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Wednesday, July 30, 2008

The Aftermath

Once again, it's been a while. My sincerest apologies to those of you who keep asking when the next well-overdue post is coming! Whilst my intentions are good, there have been some major life upheavals to contend with over the past couple of months which have prevented regular blogging. Things look set to return pretty well to normal over the next few weeks, albeit a new kind of normal courtesy of my new job. Aah, life.

Anyway, this new kind of normal will hopefully include a lot more blogging and a course on how to properly use my camera, so that you all can see the true beauty of some of my kitchen experiments!

And as for today's kitchen experiment, well, it didn't go too badly indeed, as you can see by the photo above. Unfortunately for you, I neglected to take pictures of the 'before' scene so you'll just have to make do with the recipe and trust me that it's good. Real good.

And just for Nic and Sal's benefit: I see no harm at all in adding to this some figs lightly poached in a sugar syrup with a slug of port or dessert wine - go all out!

Warm Almond Cake with Lemon Curd Icecream

adapted from recipe in 'Cocina Nueva - the new Spanish kitchen', by Jane Lawson


200g unsalted butter, softened

1tsp vanilla extract or paste

2tsp finely grated lemon zest

310g icing sugar

4 eggs, separated

125ml milk

400g ground almonds (always better if you can grind them yourself but the bought pre-ground ones are fine)

Preheat oven to 160C, and line and grease a 23cm round springform tin.

Beat the butter, vanilla, zest and 250g of the icing sugar in an electric mixer until pale and creamy. Add the egg yolks one at a time, beating well after each addition. Add the milk and ground almonds and mix to combine.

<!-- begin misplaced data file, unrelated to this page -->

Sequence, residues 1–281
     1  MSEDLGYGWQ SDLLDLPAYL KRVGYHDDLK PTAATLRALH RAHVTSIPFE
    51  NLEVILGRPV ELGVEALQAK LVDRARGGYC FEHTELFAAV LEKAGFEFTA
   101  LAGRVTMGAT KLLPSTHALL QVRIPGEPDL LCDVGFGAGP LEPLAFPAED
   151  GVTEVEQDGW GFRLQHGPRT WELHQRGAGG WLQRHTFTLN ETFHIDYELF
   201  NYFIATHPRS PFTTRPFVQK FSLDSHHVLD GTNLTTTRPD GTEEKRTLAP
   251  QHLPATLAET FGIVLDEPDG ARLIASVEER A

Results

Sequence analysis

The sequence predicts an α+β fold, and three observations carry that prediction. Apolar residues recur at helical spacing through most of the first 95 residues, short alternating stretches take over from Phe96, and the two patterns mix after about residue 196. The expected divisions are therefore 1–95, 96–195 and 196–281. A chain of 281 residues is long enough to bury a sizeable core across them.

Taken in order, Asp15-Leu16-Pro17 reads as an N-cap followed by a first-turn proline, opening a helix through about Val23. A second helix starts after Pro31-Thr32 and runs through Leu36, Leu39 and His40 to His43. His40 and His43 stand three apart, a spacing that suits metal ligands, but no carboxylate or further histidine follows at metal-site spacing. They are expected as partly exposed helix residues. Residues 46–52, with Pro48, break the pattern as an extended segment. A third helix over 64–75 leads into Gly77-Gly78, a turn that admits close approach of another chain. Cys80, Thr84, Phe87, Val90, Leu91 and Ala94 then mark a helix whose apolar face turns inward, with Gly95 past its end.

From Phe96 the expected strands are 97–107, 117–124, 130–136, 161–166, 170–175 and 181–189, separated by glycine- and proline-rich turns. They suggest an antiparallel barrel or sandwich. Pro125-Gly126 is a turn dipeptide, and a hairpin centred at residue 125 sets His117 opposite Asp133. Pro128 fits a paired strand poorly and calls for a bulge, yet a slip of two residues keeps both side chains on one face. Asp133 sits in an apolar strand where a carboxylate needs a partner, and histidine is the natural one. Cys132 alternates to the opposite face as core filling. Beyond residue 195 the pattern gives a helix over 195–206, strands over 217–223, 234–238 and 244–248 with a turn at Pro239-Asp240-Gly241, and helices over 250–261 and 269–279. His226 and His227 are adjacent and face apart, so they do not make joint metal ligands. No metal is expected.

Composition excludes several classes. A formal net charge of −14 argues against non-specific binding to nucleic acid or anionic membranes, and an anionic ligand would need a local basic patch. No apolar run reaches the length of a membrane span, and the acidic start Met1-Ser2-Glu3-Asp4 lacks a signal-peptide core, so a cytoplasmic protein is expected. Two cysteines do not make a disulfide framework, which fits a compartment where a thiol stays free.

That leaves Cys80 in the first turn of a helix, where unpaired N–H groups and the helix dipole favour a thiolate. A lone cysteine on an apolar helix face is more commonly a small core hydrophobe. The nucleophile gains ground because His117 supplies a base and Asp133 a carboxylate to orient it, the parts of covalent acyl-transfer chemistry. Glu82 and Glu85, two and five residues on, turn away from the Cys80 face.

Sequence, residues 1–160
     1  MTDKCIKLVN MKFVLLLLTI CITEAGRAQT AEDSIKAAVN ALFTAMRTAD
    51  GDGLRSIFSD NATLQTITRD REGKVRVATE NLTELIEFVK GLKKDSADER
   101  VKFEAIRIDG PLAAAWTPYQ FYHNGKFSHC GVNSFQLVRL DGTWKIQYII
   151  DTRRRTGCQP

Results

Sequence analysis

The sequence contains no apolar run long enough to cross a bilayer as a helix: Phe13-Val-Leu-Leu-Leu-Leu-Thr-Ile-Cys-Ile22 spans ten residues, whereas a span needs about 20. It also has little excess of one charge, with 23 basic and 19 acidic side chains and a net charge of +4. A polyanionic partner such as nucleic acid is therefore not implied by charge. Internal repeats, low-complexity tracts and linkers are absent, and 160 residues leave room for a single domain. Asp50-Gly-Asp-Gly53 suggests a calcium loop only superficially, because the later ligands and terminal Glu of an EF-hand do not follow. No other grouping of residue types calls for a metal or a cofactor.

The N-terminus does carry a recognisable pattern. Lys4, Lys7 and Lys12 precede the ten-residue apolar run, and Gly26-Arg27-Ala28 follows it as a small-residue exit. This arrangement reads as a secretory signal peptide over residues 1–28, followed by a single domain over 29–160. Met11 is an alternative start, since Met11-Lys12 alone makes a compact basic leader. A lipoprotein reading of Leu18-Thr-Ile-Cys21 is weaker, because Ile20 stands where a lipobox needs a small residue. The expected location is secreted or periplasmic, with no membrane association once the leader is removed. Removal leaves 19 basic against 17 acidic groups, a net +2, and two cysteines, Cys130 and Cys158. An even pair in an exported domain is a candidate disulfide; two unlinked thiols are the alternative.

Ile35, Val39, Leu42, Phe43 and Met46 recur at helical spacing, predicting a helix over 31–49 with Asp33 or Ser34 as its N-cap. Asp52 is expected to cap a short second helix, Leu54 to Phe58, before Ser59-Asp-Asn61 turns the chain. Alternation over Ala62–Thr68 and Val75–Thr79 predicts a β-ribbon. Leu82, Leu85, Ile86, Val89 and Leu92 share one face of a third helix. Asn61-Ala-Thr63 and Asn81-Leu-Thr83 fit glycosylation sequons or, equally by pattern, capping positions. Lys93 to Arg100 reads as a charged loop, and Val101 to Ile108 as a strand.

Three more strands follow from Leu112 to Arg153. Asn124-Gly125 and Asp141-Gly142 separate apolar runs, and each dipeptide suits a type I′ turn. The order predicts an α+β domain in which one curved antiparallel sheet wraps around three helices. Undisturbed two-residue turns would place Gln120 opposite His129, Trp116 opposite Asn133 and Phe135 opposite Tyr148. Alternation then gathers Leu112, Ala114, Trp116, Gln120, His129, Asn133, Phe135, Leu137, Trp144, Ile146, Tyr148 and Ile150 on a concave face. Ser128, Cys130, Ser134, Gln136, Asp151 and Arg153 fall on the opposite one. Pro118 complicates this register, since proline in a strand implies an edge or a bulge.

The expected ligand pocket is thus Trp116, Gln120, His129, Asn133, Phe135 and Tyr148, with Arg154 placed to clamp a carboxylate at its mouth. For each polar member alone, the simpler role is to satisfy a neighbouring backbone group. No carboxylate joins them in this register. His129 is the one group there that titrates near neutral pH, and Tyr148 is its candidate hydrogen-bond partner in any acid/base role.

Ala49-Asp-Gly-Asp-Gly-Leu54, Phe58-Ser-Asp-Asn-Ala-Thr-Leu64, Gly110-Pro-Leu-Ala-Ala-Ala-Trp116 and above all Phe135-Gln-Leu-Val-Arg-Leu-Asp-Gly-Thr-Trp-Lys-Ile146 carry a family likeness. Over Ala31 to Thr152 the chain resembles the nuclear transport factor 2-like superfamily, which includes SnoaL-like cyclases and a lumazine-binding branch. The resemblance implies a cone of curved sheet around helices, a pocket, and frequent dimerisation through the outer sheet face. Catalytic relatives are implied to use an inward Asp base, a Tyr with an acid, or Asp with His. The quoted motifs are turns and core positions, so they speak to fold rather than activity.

Beat the egg whites with a pinch of salt and the remaining icing sugar until firm peaks form. Fold a large spoonful of this through the almond cake batter to combine, then carefully fold through the rest. Spoon gently into the tin and smooth the top.

Bake for about 30 minutes, then cover the top of the tin with foil and bake for a further 20-30 minutes or until a skewer tests clean in the centre of the cake. Your finished cake will be quite dark on the outside but should be gorgeously moist and a bit squidgy in the centre. Cool slightly in the tin, then turn out and serve warm, with the lemon curd icecream on the side.

Lemon Curd Icecream

This is ridiculously easy providing you have some decent lemon curd (lucky me having made a huge amount of it last week with all the lemons falling off Mum's tree!). If there are no lemons, or you're feeling time-poor, by all means buy your curd - just don't skimp on the quality, as you will taste it in the finished product. And, obviously, make this a day ahead of baking your cake.

600ml thick cream, chilled

about 350-400ml good lemon curd, chilled

Mix the lemon curd and cream together (adjust the amount of curd to taste - you want something a bit sweeter than you're after as the coldness of the icecream will dull the sugar a bit).

If you have an icecream maker, put the mixture in and churn according to your machine's instructions. Otherwise, pour the mixture into a shallow tray, cover and freeze for a few hours until icy around the edges. Working quickly, transfer to the bowl of an electric mixer and beat until smooth. Return to the tray and refreeze. Repeat this step three times, then transfer the mixture to an airtight container covered with a piece of baking paper and a lid.